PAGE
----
“Rational here simply meaning the math two is greater than one. And when two is greater than one, I always choose two,” he said. “ And then how do I apply that to everywhere else I do that?”

You see this in conversion rate optimization, but it can also be used in a content strategy.

“Instead of just putting all my eggs and making 40 articles of the same thing, can I build four different pools of 10 articles and see what performs best and then put my resource in that in the future?” he said.

It could also look like trying four or five different strategies for paid acquisition or affiliate groups and applying what works best.

No matter what you’re experimenting with, it means following the data, and not your guesses.

“It’s trying to find ways to break up any concept, to look at the assumptions and to have the discipline to say, even if I feel 100% confident this is the best way, until I have the data, I have to follow through with things,” he said.

Only measure what is relevant to your business

It’s easy to get caught up in different metrics. Sometimes you chase a metric that doesn’t actually get you where you want to go.

Before you start measuring something, pinpoint your goal, whether that’s leads or something else. Then, measure the pieces that actually have a direct connection to that.

“If my measure of content is that it needs to lead to leads, or it needs to lead to people entering another part of a long tail purchase cycle, as long as I can agree that there’s a direct piece and later measure how well that truth is, I can use that,” Andrew said.

With content it can get tricky if you’re testing SEO because it’s a longer term strategy. But it’s also easy to get distracted when using other channels to generate more leads.

“Another classic example of that is I add a module to a page, or I add an engagement thing, or I add an email capture or something like that, the success is not people interacting with it. The success is what its impact is to the bottom line,” Andrew said.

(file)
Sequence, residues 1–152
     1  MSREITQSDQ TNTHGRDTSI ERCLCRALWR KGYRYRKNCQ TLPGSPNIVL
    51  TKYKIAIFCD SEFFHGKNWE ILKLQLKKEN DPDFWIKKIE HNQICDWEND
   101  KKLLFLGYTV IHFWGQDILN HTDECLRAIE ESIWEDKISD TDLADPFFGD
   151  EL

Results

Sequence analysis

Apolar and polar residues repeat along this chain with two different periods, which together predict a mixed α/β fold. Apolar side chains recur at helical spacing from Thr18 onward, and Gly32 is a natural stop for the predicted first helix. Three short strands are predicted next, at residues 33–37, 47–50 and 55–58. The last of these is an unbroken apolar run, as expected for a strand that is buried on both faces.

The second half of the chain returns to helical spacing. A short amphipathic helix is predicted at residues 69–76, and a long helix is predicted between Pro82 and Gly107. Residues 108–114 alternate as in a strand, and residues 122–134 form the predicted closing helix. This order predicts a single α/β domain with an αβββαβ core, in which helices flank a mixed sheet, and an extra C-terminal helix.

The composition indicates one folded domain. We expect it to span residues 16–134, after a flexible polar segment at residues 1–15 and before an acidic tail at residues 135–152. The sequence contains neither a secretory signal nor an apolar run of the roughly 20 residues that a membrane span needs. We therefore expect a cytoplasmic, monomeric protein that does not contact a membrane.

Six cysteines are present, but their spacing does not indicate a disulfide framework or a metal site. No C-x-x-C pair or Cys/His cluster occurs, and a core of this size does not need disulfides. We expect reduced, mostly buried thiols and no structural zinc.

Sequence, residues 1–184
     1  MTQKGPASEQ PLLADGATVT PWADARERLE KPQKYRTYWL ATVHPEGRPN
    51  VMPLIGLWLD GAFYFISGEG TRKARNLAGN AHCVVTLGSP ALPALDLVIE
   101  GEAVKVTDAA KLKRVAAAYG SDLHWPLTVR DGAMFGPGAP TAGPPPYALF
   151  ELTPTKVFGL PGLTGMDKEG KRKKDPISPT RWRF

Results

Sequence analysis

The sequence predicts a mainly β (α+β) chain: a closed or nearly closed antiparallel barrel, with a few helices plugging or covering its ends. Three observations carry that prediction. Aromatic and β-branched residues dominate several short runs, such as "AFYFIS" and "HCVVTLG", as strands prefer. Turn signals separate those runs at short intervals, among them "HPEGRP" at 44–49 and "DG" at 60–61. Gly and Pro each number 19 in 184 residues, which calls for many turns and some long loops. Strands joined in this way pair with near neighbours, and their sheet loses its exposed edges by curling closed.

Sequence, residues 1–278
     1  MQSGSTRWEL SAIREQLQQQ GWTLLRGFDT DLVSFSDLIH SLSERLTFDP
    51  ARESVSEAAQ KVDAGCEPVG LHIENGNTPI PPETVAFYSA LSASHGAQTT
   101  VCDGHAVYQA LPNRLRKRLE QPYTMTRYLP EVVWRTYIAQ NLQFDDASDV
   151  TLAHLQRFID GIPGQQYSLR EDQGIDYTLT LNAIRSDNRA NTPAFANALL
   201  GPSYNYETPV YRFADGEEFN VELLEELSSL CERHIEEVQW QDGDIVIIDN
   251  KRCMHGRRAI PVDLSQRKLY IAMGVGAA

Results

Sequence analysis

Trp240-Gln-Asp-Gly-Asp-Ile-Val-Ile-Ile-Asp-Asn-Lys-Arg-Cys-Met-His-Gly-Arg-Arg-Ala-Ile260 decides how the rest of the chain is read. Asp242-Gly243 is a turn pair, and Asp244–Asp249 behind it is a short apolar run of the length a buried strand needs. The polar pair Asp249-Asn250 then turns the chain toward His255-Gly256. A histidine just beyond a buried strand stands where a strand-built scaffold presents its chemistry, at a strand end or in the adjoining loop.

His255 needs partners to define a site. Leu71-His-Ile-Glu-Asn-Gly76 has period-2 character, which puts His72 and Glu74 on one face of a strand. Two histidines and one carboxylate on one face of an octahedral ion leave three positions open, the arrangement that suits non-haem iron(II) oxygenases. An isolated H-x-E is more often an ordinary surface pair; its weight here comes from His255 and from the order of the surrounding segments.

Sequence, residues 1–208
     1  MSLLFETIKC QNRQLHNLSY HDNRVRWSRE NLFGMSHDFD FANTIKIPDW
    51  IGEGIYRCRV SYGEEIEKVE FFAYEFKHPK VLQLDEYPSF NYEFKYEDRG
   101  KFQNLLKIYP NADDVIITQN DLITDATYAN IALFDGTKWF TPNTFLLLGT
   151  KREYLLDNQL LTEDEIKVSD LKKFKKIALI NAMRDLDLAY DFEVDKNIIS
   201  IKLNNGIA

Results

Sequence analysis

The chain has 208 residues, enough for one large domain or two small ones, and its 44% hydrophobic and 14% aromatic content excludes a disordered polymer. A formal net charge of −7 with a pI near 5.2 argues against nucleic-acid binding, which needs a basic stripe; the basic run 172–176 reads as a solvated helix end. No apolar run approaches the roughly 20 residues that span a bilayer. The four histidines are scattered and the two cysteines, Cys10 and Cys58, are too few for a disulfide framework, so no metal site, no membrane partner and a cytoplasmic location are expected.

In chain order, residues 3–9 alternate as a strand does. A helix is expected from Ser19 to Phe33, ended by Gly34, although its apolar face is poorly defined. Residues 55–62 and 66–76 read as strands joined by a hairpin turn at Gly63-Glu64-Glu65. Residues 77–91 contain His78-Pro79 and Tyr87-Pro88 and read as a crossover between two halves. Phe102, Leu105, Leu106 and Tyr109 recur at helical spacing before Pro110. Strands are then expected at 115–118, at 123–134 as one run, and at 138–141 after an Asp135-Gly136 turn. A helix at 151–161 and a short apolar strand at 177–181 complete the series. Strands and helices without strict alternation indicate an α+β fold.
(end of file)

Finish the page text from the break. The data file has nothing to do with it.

Don’t measure the wrong thing, because good numbers on traffic or engagement don’t mean anything if your goal is to get more leads. 

“You may want less people to interact with it,” he said. “Just because you have a piece of copy and it gets more people from point A to point B, that may be good. You may actually want less people to pay attention to an area. But if you’re only measuring one small subset of things instead of the whole, you’re always going to get trapped on that.”

Tie experimentation to growth

Experimentation for growth relies on discovery of different channels and tactics that can be maximized. 

“It could be discovering the efficiency of different channels, could be discovering different tactics within those channels,” Andrew said.

It’s important to take as much time as possible to figure out where you want to go and not to have any predetermined ideas. Don’t just go after one group with one tactic because then you’re just doing what you’ve always done.

“It might be, Hey, which of these five groups responds best?” he said. “Or which of these five content strategies work best?”

There will be cost overhead to do that, but ideally you’ll end up with two or three channels that work and you can then split those out for testing.

“From a growth point, I’m always trying to get to two or three primary channels that can scale and two or three that don’t and two or three tactics in each one,” he said. “The only way I’m gonna do that is from constantly exploring and measuring.”

With growth, you want to be creating decision points wherever you can so that you can maximize your resources around what works best. 

The first part of this process is always discovery, then exploitation.

And if you stay disciplined in your approach, you’ll be able to find the ideas that actually work best and lean into them as opposed to coming in with a presumption that could limit your growth.

Alex Birkett

Alex is a co-founder of Omniscient Digital. He loves experimentation, building things, and adventurous sports (scuba diving, skiing, and jiu jitsu primarily). He lives in Austin, Texas with his dog Biscuit.